In a recent Tax Tribunal case the judge agreed with HMRC that a detailed breakdown of director loan account transactions is required, including dates.
The significance is that where the loan account is overdrawn (debit balance) there may be a possible P11D benefit on the director and also a tax charge on the company.
A taxable benefit in kind would arise where the loan exceeds £10,000 at any point during the tax year and the interest paid to the company by the director is less than the HMRC official rate, currently 2.5%. If the overdrawn loan does exceed £10,000 during the year, even for a short time only, you will need to charge interest at the official rate for the whole time the loan is overdrawn by any amount during the year. If the taxable benefit does arise tax will be payable by the director at their top rate of income tax plus class 1A national insurance of 13.8% will be payable by the company.
In addition, if the director is also a shareholder of a close company or he is connected with a shareholder, there is a 32.5% tax charge payable by the company making the loan. That amount is based on the loan balance at the year end and only arises where the loan is still outstanding 9 months after the end of the accounting period. It is payable 9 months and a day after the accounting period end, on the same date as the corporation tax liability becomes due.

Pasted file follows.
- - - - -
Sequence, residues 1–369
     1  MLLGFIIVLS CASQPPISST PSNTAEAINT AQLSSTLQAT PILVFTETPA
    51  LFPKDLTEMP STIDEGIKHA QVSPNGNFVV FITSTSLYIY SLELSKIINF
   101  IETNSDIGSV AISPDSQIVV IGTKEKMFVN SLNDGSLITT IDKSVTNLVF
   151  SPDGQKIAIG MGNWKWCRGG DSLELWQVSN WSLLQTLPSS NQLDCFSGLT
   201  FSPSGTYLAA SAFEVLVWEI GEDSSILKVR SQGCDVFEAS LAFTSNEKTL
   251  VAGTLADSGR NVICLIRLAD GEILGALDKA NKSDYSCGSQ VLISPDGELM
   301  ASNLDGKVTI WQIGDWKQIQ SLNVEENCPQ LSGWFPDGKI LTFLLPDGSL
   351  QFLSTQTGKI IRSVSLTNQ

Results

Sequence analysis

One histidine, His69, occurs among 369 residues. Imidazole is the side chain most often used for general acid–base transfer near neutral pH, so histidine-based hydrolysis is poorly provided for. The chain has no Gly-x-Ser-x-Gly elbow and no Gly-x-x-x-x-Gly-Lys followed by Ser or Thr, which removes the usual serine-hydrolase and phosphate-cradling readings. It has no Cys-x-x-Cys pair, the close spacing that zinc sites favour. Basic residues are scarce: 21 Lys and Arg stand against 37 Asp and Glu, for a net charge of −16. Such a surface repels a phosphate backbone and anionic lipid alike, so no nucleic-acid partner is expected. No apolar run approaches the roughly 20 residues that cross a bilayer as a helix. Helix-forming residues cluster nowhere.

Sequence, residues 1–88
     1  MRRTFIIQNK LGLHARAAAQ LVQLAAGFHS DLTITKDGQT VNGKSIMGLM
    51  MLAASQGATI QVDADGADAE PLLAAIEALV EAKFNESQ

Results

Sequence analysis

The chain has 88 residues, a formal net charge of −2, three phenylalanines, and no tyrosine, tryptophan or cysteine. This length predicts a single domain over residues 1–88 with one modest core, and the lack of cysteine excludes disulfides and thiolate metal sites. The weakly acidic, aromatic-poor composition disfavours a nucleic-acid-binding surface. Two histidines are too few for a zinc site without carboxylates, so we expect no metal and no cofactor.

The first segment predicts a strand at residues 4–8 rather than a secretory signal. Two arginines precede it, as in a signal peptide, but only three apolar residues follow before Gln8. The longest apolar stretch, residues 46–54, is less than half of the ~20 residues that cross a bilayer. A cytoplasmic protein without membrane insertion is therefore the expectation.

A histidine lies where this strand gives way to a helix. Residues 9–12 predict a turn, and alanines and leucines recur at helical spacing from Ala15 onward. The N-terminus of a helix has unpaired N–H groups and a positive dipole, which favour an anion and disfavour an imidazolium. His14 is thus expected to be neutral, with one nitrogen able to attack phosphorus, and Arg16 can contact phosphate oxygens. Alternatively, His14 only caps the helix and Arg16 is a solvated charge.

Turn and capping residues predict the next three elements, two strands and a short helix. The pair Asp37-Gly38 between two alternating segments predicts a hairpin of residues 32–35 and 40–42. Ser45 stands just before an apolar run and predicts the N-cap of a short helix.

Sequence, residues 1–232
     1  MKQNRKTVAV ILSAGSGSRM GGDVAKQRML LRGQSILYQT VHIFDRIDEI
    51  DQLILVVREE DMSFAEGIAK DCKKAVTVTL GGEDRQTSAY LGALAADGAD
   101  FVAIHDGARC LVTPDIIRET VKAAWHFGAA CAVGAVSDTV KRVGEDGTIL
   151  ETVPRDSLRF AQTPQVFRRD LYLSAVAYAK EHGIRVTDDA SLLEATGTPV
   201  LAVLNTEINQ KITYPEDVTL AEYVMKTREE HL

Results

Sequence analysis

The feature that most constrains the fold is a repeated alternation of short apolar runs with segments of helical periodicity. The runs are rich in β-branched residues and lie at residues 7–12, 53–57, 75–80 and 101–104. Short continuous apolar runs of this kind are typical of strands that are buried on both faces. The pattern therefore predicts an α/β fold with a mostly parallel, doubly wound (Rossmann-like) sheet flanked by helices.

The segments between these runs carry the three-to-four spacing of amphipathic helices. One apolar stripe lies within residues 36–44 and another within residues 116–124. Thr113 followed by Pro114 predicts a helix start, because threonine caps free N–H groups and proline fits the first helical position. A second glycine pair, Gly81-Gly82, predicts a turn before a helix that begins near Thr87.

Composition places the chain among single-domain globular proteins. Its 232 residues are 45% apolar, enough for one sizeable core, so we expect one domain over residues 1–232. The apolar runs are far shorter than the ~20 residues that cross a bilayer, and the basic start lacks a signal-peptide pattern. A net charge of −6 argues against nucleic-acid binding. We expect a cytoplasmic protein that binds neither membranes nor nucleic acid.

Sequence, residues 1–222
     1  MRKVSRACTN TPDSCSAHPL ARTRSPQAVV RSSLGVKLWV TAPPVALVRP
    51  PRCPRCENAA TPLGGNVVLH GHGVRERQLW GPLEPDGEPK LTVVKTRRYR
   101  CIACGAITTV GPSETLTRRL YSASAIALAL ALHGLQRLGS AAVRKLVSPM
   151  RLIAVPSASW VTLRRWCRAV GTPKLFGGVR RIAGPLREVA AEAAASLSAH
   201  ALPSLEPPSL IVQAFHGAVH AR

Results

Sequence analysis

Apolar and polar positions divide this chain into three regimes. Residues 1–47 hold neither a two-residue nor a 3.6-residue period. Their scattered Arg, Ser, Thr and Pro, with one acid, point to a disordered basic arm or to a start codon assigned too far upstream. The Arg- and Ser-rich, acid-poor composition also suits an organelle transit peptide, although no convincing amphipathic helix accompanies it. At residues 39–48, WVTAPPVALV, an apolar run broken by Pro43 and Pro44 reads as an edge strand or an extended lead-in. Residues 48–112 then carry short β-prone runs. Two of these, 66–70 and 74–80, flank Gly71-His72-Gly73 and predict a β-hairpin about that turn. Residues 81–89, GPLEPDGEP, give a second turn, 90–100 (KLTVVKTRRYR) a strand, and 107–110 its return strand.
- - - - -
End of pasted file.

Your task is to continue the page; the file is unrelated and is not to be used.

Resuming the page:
When the loan is repaid to the company by the director there will be a refund to the company by HMRC of the tax previously paid, but not until 9 months and a day after the end of the accounting period in which the loan is repaid. Furthermore there is no system for reclaiming the tax, you need to write a letter to HMRC – but not until just before the refundable date or they’ll send it back and make you resend it at a later date!
If the director does pay benefit tax on the overdrawn loan that will not be repayable when the loan is repaid.
Thus, you can see why HMRC may require a detailed analysis of transactions between the director and the company.
Note that there is anti-avoidance legislation in place to catch the situation where the loan is repaid by the director to the company and a similar amount withdrawn within a 30 day period. The tax legislation matches the repayment with the new “loan” and consequently the original loan would still be outstanding.
If you would like further advice on overdrawn director loan accounts contact Jan Friend
The content in this blog is correct as at 07/11/2019. See terms and conditions.